Here are the stories catching our attention today in the wide world of Ohio politics. Questions? Suggestions? Email me or find me on Twitter: @henryjgomez
Kasich returns to TV: Watch for Gov. John Kasich’s stealth re-election campaign to move out into the open this week. The Republican has bought time on at least one Cincinnati television station and requested time on at least one other.
More markets will follow, writes Joe Vardon of the Columbus Dispatch.
The Kasich team has not formally announced anything. But we found this new 30-second spot Monday on the campaign’s website. It’s called “Then and Now.”
The voiceover begins: “Four years ago our economy was broken. Ohio had an $8 billion budget deficit. We were losing jobs. Taxes were rising. Hope was fading. John Kasich took office, made the tough calls and today Ohio is on a better path.”
If this is indeed the third Kasich TV spot, it’s the third positive one that avoids any mention of Democratic challenger Ed FitzGerald. Kasich is continuing with his preferred theme – that he’s been a good fiscal and economic steward. What the ad does not mention is that the unemployment rate already was rebounding under Democratic predecessor Ted Strickland, who presided during a brutal recession.
Jobs numbers, explained: Speaking of economic indicators, Olivera Perkins of The Plain Dealer strips out the politics and takes a look at Ohio’s recovery. Her lead: The state has yet to regain some 120,000 jobs lost since the recession began.
Women’s group endorses Neuhardt for LG: The Women’s Campaign Fund, which bills itself as a nonpartisan advocacy group, has endorsed Democrat Sharen Neuhardt for lieutenant governor. Neuhardt, a women’s rights activist, lawyer and twice-failed candidate for Congress, is running on FitzGerald’s ticket.
“Women’s Campaign Fund is thrilled to support Sharen Neuhardt in her race to become Ohio’s next woman Lieutenant Governor,” said the group’s Clare Bresnahan. “Sharen and Ed FitzGerald’s demonstrated commitment to standing up for Ohio women and their families makes them the most qualified candidates to lead the Buckeye state. Following three years of Gov. Kasich’s relentless war on women, it’s time for new leaders in Columbus who will stand up for all Ohioans.”
Neuhardt’s opposite number also is a woman: GOP incumbent Mary Taylor. And, yes, the Women’s Campaign Fund does endorse Republicans. The group is backing U.S. Sen. Susan Collins of Maine in her re-election bid this year.
The group also has endorsed Nina Turner, the Democratic challenger for Ohio secretary of state, and Connie Pillich, the Democrat running for state treasurer.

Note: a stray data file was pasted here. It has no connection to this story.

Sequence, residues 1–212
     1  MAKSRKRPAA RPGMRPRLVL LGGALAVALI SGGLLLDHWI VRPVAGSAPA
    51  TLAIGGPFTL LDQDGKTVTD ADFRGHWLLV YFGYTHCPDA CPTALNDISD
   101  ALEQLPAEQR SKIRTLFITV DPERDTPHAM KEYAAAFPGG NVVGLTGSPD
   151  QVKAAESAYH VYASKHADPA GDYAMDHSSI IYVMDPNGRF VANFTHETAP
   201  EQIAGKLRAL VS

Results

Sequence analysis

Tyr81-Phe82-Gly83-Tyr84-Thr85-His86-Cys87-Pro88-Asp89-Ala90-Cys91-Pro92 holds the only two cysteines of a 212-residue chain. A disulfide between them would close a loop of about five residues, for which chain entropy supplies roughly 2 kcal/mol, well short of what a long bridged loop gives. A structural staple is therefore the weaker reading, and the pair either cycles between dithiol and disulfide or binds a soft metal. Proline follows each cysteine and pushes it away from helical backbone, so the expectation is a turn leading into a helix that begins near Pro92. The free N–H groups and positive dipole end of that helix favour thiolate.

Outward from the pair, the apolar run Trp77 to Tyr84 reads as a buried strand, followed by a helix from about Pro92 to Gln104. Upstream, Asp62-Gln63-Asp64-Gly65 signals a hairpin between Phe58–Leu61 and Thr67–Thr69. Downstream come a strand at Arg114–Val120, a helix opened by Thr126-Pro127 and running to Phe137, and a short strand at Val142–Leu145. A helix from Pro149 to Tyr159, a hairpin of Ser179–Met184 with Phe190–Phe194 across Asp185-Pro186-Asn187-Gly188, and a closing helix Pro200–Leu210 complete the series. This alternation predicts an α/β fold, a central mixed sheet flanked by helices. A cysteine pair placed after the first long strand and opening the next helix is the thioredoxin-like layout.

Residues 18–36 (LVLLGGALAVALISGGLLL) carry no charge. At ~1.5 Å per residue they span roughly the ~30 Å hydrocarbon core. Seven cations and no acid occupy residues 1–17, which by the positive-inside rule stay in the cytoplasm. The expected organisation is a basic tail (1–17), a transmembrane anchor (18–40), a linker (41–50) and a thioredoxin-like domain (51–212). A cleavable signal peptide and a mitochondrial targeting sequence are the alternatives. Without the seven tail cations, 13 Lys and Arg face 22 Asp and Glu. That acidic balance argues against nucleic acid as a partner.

Salt in the wound: Here’s a headline-byline combo that will give heartburn to Democratic attorney general hopeful David Pepper: “Ohio leads the way on breaking through the rape kit backlog.” The co-authors of this Washington Post guest column? Republican AG Mike DeWine, whom Pepper is challenging, and Democrat Timothy J. McGinty, the prosecutor in Democratic-rich Cuyahoga County.
Pepper has heavily criticized DeWine’s performance on rape kits. His campaign is emphasizing this recent Toledo Blade editorial, which credited DeWine’s efforts while expressing interest in Pepper’s plan for reducing the backlog.
Is State Rep. Anne Gonzales in jeopardy of losing her seat? Libertarians unsuccessful in efforts to place a candidate in the race for governor may settle for a moral victory at the legislative level. Republican Rep. Anne Gonzales of Westerville faces challenges from Democrat Michael Johnston and Libertarian Chad Monnin.
The GOP is worried about Monnin’s presence in the race, apparently to the point where the presumptive incoming House speaker got involved, reports Jim Siegel of the Dispatch. Monnin is a former Ohio GOP operative and is sparing little expense. “I believe anything worth doing is worth overdoing,” Monnin tells Siegel.
A dish best served cold: No Democrat in Ohio wants to hear comparisons to 1994, a year the party was rolled statewide. But Bertram de Souza of the Youngstown Vindicator harkens back to a post-election phone message left for Harry Meshel, then state party chairman, from Chris Redfern, future state party chairman.
The message: Resign.
De Souza wonders whether Meshel will get to return the favor.
Clearing out the Suarez cache: The extended holiday weekend brought some final, thoughtful reads on the Ben Suarez campaign finance case, which ended a week ago with the North Canton businessman convicted only of witness tampering.
So, to catch you up on things …
Prosecutors failed to prove that Suarez knowingly and willingly broke the law, jury foreman Andy Ramos told The Plain Dealer’s James F. McCarty.
The trial does not answer all questions for State Treasurer Josh Mandel, whose intervention Suarez sought – and received – in a California legal matter.
“If there is no link between the letters and the Suarez donations, why was [Mandel campaign fundraiser Scott] Guthrie – and not a treasurer’s office employee – tasked with writing the letters Suarez sought?” write Vardon and Darrel Rowland of the Dispatch.
As for the political ramifications, those close to Mandel continue to take comfort in the complicated nature of the Suarez case. In an interview with the Toledo Blade’s Tom Troy, Republican operative Terry Casey insists it will be tough for Mandel’s re-election opponent, State Rep. Connie Pillich, to make hay. Casey’s comments mirror what he told me last week when he called to speak on Mandel’s behalf.